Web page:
Archive date: March 12, 2011
Is it Dead, Did I Kill it, and What do I do Now?
Tennessee Cedar Raised Beds are now here!
You’re not alone if you have asked yourself (or someone else) the questions at the top. This is the time of year when the ravages of winter really begins to show the effects on our landscapes. The winter has been fairly harsh. There are items that show winter damage. Plants such as English laurel, Nandina, Carolina jasmine (or Jessamine, if you prefer) are all examples of plants that currently look a bit rough. It is however, not a cause for panic. English Laurel and Carolina jasmine are both broadleaf plants, we are at the northern edge of where they are reliably hardy, therefore, they are prone to “winter burn”. This browning and discoloration of the foliage is the plant telling you as much. You can trim and fertilize the laurels now, but don’t trim the jasmine…you will cut off many bloom buds; wait and do so after it has flowered.
Nandina falls into another class; they are semi-broadleaf. That means in milder winters they retain much of their foliage, in a winter like this year, they will drop much, if not all. Again, this is not an issue of mortality; rather it is just the plant’s way of dealing with the stresses of winter. It is a good idea to treat a Nandina now by trimming lightly to remove dead tips or more severe if they have become leggy and fertilize. I’m a big fan of the Espoma Organic line of fertilizers; great for the plants and gentle on the earth.
Often times plants are purchased in the fall without the understanding of what the terms “deciduous” (drops leaves), “broadleaf evergreen” (things like hollies, laurels that retain foliage year-‘round) and “coniferous evergreen or conifer” (plants that have needles and stay green throughout the year; there are a few deciduous conifers, such as Bald Cypress).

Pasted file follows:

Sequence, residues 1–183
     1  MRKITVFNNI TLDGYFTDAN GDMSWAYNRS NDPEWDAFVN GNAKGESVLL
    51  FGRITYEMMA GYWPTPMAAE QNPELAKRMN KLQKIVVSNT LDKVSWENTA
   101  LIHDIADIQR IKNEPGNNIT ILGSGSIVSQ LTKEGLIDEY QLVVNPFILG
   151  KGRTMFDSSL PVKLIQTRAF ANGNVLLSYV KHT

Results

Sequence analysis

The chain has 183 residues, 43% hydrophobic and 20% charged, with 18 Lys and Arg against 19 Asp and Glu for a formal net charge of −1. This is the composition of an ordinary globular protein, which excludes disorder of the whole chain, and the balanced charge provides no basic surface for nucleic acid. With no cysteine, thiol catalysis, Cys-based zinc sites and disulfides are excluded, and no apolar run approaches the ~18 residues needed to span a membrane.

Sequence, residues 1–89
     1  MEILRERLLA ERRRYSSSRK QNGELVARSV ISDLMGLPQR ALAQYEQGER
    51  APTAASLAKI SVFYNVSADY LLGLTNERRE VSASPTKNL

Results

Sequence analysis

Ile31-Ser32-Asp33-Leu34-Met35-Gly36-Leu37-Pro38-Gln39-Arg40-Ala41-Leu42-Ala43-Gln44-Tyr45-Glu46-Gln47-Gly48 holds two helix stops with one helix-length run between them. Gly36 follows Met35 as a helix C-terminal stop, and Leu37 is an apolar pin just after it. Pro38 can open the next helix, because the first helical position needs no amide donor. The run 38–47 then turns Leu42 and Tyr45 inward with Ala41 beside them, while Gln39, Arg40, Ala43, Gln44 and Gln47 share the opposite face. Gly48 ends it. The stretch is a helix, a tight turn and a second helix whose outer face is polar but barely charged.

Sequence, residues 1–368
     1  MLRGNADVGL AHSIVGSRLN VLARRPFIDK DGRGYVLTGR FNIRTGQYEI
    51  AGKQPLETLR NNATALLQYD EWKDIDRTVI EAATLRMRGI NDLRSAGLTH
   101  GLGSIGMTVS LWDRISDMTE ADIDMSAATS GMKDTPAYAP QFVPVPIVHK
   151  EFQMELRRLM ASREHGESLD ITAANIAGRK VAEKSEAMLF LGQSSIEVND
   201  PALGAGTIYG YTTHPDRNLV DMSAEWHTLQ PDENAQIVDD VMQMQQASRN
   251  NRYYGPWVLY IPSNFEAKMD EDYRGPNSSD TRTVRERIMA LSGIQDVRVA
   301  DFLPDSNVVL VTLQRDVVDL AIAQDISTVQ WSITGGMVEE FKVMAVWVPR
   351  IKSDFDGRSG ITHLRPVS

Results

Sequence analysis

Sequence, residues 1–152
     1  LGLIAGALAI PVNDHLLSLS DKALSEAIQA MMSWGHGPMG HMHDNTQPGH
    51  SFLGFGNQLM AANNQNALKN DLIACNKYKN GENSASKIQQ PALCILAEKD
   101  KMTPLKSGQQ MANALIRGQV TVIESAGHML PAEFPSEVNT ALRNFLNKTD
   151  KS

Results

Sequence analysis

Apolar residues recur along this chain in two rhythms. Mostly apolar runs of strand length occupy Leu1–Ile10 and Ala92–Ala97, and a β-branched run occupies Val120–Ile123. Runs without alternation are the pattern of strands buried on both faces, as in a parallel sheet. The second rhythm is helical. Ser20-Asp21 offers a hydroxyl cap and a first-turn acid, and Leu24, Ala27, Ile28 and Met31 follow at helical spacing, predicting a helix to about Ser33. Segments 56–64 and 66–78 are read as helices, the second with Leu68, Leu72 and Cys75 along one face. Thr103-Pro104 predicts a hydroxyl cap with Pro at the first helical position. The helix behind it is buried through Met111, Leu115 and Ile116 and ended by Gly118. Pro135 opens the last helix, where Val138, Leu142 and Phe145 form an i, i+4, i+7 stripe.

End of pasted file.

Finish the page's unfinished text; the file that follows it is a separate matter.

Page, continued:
This Saturday, I’ll be giving a short talk in “The Green Room”, about dealing with and diagnosing damage from winter. There will be one session at 10:30am. Feel free to bring branches of plants you have questions or concerns about. The event is first-come, first-served and seating is limited to 35. All future events will be organized by my daughter, Sara Bates call (615.876.1014) or email Sara (firstname.lastname@example.org) to reserve a seat for future sessions. The session will end with “Q & A” so you will have ample opportunity to get answers! We will have a calendar of events for the next few weeks in next week’s newsletter.
By the way, “The Green Room” is our new multi-media lecture hall. This facility is available for your garden club or other groups during our business hours. Sara will be coordinating all of our events, so contact her to get your slot!
See you this Saturday,
p.s We now have Tennessee Cedar Raised Beds, locally manufactured from native cedar trees; they are 4’ X 4’ X 1’. They are naturally beautiful and decay resistant; each 4 piece unit “slides” together for a quick “no-tools” assembly. Perfect for square-foot gardening!